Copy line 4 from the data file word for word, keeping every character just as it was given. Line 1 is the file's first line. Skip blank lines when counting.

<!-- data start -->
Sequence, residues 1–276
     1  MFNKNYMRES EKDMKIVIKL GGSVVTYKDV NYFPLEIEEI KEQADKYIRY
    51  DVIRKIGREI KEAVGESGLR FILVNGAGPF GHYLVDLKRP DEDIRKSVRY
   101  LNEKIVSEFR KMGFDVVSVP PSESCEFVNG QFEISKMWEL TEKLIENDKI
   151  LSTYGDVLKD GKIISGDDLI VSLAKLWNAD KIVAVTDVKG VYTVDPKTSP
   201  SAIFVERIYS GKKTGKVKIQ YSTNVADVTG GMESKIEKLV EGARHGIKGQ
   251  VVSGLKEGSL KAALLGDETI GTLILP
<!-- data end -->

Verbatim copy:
   101  LNEKIVSEFR KMGFDVVSVP PSESCEFVNG QFEISKMWEL TEKLIENDKI